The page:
A week after Great Plains SPCA gave notice that it would stop operating the Jackson County Regional Animal Shelter in eastern Independence, county and city officials have no answers to questions about the no-kill shelter's future existence.
Both county and city officials appeared to be caught off guard when Great Plains posted the news on its website and Facebook page the afternoon of Jan. 16, giving the county six months notice. The non-profit organization, headquartered in Merriam, Kansas, said that “after thoughtful consideration, we have determined it is no longer fiscally prudent for us to continue to run the shelter” and that it needs to focus more on its core business in Merriam.
In an online post days later, Great Plains said “ongoing issues with insufficient funding” had hurt its financial health and have been the biggest challenge in operating the Regional Animal Shelter. The shelter, owned by the county and constructed on city-owned land, opened in 2013 with Great Plains in charge.
City and county officials had been scheduled to meet for the first time Wednesday regarding the shelter, but Tuesday night's winter storm nixed that.
Great Plains will continue to operate its no-kill shelter and adoption services in Merriam and provide in-house veterinary services to the animals there, though it will end public veterinary care clinic services in Merriam effective Feb. 1.
Until operations cease in Independence in mid-July, Great Plains says, it will continue to accept animals as long as cities make contracted payments.
The six-month notice is per Great Plains' agreement with the county. In a statement last week, Jackson County spokesperson Marshanna Hester said the county “will use this time to assess the situation and determine the appropriate manner for moving forward.”
Independence City Manager Zach Walker said the Great Plains news “was not on our radar.”
Former County Legislator Dennis Waits, an animal advocate who championed building the shelter, said he was disappointed but could understand Great Plains' position.
“I'm hoping people will rally around this issue and maybe find something we could do,” Waits said.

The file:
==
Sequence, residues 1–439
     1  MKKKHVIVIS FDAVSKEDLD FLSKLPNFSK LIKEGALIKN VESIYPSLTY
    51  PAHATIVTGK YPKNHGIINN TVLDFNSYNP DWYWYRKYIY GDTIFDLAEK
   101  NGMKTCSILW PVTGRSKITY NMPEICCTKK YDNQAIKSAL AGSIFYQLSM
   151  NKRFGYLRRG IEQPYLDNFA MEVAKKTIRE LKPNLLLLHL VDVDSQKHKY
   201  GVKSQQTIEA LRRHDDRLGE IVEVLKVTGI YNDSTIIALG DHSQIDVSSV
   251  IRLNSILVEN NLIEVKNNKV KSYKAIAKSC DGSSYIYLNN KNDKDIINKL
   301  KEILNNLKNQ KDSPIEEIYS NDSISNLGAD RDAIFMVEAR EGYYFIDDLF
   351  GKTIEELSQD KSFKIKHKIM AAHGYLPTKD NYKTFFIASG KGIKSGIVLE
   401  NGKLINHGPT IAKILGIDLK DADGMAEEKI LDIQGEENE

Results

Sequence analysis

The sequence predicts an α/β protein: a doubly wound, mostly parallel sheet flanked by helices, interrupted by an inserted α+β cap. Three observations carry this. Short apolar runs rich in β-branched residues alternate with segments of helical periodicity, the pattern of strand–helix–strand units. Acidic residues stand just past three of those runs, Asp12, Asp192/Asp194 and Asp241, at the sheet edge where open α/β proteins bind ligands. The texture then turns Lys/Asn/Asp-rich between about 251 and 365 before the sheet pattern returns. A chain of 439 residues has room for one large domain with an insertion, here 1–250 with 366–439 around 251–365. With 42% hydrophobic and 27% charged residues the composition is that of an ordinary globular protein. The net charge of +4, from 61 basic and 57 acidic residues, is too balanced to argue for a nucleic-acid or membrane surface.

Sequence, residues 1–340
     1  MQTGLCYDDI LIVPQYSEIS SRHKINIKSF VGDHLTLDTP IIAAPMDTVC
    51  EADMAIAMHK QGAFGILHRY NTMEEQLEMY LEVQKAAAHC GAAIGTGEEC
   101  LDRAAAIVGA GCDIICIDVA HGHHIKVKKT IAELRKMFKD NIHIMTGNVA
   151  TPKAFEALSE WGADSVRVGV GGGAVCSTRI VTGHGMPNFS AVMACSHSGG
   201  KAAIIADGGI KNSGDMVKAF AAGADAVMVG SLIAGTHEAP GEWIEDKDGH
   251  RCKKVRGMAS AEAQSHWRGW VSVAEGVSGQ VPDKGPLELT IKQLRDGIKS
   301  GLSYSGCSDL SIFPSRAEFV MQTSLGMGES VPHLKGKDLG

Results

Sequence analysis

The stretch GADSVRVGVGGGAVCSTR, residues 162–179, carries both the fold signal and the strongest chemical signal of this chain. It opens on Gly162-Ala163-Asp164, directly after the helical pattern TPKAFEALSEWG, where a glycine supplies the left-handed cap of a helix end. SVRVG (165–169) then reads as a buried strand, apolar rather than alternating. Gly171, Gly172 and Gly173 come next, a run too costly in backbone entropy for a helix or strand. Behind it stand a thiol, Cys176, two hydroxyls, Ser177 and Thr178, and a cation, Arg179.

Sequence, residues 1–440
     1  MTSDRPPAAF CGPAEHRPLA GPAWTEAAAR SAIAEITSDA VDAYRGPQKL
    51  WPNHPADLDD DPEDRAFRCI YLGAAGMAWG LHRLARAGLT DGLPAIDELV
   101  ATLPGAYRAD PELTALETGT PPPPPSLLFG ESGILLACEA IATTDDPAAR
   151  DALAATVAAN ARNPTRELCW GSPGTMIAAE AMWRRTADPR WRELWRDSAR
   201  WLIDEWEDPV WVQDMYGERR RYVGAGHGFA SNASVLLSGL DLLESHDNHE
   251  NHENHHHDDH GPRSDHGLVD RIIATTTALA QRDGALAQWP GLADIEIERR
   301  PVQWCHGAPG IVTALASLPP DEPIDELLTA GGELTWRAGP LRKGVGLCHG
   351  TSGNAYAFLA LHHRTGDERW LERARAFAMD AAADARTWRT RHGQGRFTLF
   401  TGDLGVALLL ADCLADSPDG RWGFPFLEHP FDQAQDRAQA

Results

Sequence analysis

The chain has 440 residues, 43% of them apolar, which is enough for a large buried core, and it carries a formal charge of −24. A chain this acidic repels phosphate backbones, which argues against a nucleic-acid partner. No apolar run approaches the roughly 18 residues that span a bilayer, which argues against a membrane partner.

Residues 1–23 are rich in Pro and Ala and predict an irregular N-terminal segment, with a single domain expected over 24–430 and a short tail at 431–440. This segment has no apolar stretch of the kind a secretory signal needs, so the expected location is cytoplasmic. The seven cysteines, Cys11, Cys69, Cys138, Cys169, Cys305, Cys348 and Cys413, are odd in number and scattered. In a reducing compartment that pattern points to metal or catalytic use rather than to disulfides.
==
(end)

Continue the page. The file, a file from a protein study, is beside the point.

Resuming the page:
“It scares me,” he said. “I don't know if anybody else is capable of taking it and running it that way, as a no-kill shelter.”
“No kill” means no animal taken is put down barring a clear medical need, and Great Plains has had a live-release rate well above 90 percent.
“Anything less (than no-kill) is not consistent with the philosophy under which the shelter is built,” Waits said.
Under the contract the county and city first signed for the shelter, Independence paid $435,000 for services, and that number has risen to $515,000, though Great Plains has often contended the city's payments have not been enough given the number of animals the shelter takes in from Independence and unincorporated Jackson County. The shelter essentially replaced the city's own smaller shelter.
Independence's pit bull ban leads to some restrictions on adoptions vs. intake, but that legislation already was in place when Great Plains bid to operate the shelter.
“The city has been reasonable to work with,” Waits said, “and there's been good support from the mayor's office.”
“But at the same time … X amount of money can feed 250 people in your budget, and all of a sudden X doesn't cover feeding 500.”
According to Great Plains' tax statements, its government contributions for the whole organization in 2013, when it started operating the shelter, were $461,366. That figure has grown annually and was $1.2 million in 2017.
Tax documents also show Great Plains' balance had fallen from $872,200 at the end of 2015 to $148,600 a year later, then grew back to $602,192 at the end of 2017. From 2012 to 2017, expenses exceeded revenues twice. Figures from 2018 are not yet available.
Waits said Great Plains' fundraisers have been “successful to a degree,” but large contributions from Chuck and Jennifer Laue, Great Plains board members and co-founders of a foundation that benefits animal advocates, have particularly helped make up budget differences, and that's not sustainable long term, he said.
Great Plains says it has about 100 dogs and 118 cats at the Regional Animal Shelter, though those figures naturally fluctuate. Any animals remaining in July will be placed in foster homes, adopted or relocated to the the Merriam shelter. In 2018, it cared for more than 3,300 animals in Independence. In Merriam, it serves more than 3,500 annually.